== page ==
Math Love

I’m going to get the elephant out of the room right off the bat.  Yes, it was again my birthday three days ago.  Strange how they seem to pop up every year on the same day.  Last year’s blog held a promise to never again yell in impotent rage about how much I hated Father Time and the passage of his precious commodity.  So I’m forty-one, and perfectly happy to be so.

You might want to wipe away that bit of sarcasm that just oozed from your screen.  Stains, you know.

Instead, I’m going to talk to you about math.  I love math.  I teach math.  I see math in everyday life.  In fact, I happened upon two people having a math argument in, of all places, the Walmart parking lot, which certainly doesn’t fit with the stereotypical view of customers of said store who are often portrayed as bumbling buffoons only two steps above orangutans and one step below rhesus monkeys on the evolutionary chart.

To all orangutans… I apologize for that awful speciesist comment.  You are, of course, equal to rhesus monkeys in all ways.  I shouldn’t use blatantly speciesist comments in humor.  I mean, it’s not like your cows.

To all cows… oh fuck it.  Animal rights people can suck a soy egg.

Anyways, back to the math at hand.  I have used my stellar artistic abilities to produce a diagram of what exactly the two individuals were fighting about.

math picture

See?  Isn’t it just the purdiest thing you’ve ever done seen?

The debate was over which path should be taken while crossing the driving lanes.  The gentleman was arguing that path 1 was shorter to the entrance.  The young lady was arguing that path 2 was shorter to the opposite side.  And as everyone should know, if you had a decent geometry instructor at any point in high school or college, they were both technically right.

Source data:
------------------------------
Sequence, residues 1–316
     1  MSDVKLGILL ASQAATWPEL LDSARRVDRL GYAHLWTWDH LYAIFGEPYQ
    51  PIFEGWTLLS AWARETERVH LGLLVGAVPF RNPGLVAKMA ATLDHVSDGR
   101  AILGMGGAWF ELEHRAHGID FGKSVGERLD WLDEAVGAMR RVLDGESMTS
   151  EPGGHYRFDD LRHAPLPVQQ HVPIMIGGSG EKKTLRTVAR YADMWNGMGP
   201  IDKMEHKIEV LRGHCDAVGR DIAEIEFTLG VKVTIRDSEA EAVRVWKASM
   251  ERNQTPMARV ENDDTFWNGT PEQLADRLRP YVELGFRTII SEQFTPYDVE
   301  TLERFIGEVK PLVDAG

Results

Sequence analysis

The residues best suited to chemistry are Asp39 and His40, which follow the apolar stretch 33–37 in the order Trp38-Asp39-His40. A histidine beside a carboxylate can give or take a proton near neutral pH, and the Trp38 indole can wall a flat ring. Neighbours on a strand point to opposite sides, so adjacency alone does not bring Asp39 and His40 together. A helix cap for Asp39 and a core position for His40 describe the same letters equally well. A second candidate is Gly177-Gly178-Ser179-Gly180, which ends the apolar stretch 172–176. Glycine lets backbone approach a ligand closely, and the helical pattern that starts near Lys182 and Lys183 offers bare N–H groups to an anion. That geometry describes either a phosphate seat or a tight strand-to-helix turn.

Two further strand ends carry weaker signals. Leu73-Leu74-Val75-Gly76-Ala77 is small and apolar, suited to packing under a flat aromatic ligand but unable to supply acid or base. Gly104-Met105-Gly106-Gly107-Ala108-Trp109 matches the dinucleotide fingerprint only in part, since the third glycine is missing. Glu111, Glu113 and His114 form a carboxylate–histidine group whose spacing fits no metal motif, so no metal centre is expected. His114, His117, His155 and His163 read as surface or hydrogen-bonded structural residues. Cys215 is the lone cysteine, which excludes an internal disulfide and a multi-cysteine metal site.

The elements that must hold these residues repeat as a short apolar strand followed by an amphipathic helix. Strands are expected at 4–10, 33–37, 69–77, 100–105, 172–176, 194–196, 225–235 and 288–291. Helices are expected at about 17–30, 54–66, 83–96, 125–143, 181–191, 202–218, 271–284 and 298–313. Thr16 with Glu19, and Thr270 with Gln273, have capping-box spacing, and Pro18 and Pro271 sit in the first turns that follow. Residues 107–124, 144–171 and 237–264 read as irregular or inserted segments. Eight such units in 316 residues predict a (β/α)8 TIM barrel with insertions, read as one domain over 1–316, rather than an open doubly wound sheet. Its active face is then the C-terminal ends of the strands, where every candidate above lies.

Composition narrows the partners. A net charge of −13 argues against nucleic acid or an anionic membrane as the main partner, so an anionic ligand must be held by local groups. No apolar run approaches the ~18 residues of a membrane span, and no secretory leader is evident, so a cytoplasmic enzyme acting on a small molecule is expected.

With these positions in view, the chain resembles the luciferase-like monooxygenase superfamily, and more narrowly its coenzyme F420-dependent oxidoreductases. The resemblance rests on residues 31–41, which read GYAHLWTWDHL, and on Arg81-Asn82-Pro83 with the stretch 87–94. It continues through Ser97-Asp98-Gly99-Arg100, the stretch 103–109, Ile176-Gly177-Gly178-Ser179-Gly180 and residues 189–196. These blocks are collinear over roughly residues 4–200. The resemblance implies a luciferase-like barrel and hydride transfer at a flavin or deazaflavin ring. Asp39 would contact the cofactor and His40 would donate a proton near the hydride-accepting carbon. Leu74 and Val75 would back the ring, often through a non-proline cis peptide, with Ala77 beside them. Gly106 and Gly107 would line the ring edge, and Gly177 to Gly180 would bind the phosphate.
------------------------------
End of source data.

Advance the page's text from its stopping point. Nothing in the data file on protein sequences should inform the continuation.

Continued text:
Pythagoras’s theorem states that the square of one part of path 2 added to the square of the second part of path 2, must equal the square of path 1 ( a²+b²=c² sound familiar?).  Therefore, it is both true that path 2 is the shortest path across the lanes and path 1 is the quickest to the actual store doors.  What you may not realize is that, in this situation, math is also telling us that the gentleman in the argument is an impolite jackass, and the young lady is a considerate human being.

Why?  Because path 1, while shorter for the pedestrian, accounts for more time within the driving lanes – forcing any driver of a car to sit and wait for his lazy ass to get out of the way.  With the speed the guy was walking, he could have saved the driver about six seconds if he had taken the short path across the lanes and continued up the sidewalk by using path 2.

There was also a discussion I had with a smug prick who tried to insist that 80% was always more than 20%.  Oh, how my math brain gagged at his stupidity.  Context matters in math, just as it does in writing and reading.  When I pointed out that the phrase, “20% off,” is exactly equal to, “80% of the price,” he whined that I was using semantics.  When I then pointed out that 80% of a dollar is much less than 20% of a hundred dollars, he complained that I was “cheating” by changing the total amounts.  I simply informed him that I wasn’t the one who used the word, “always,” which means, “in all cases,” and having demonstrated two cases where 80% wasn’t more than 20%, I had proven the statement he made wrong.  He called me a smart ass and walked away.  Logic Victory!

So yea, I love math.  Even when math kicks my butt with new algorithms I was never taught back in the Stone Ages when I went through school.  But I trust that I will be able to figure it out because math doesn’t lie.  And math tells me that by definition, I’m in a “prime” of my life.

Math is such a good friend to remind me of that.  Go forty-one!



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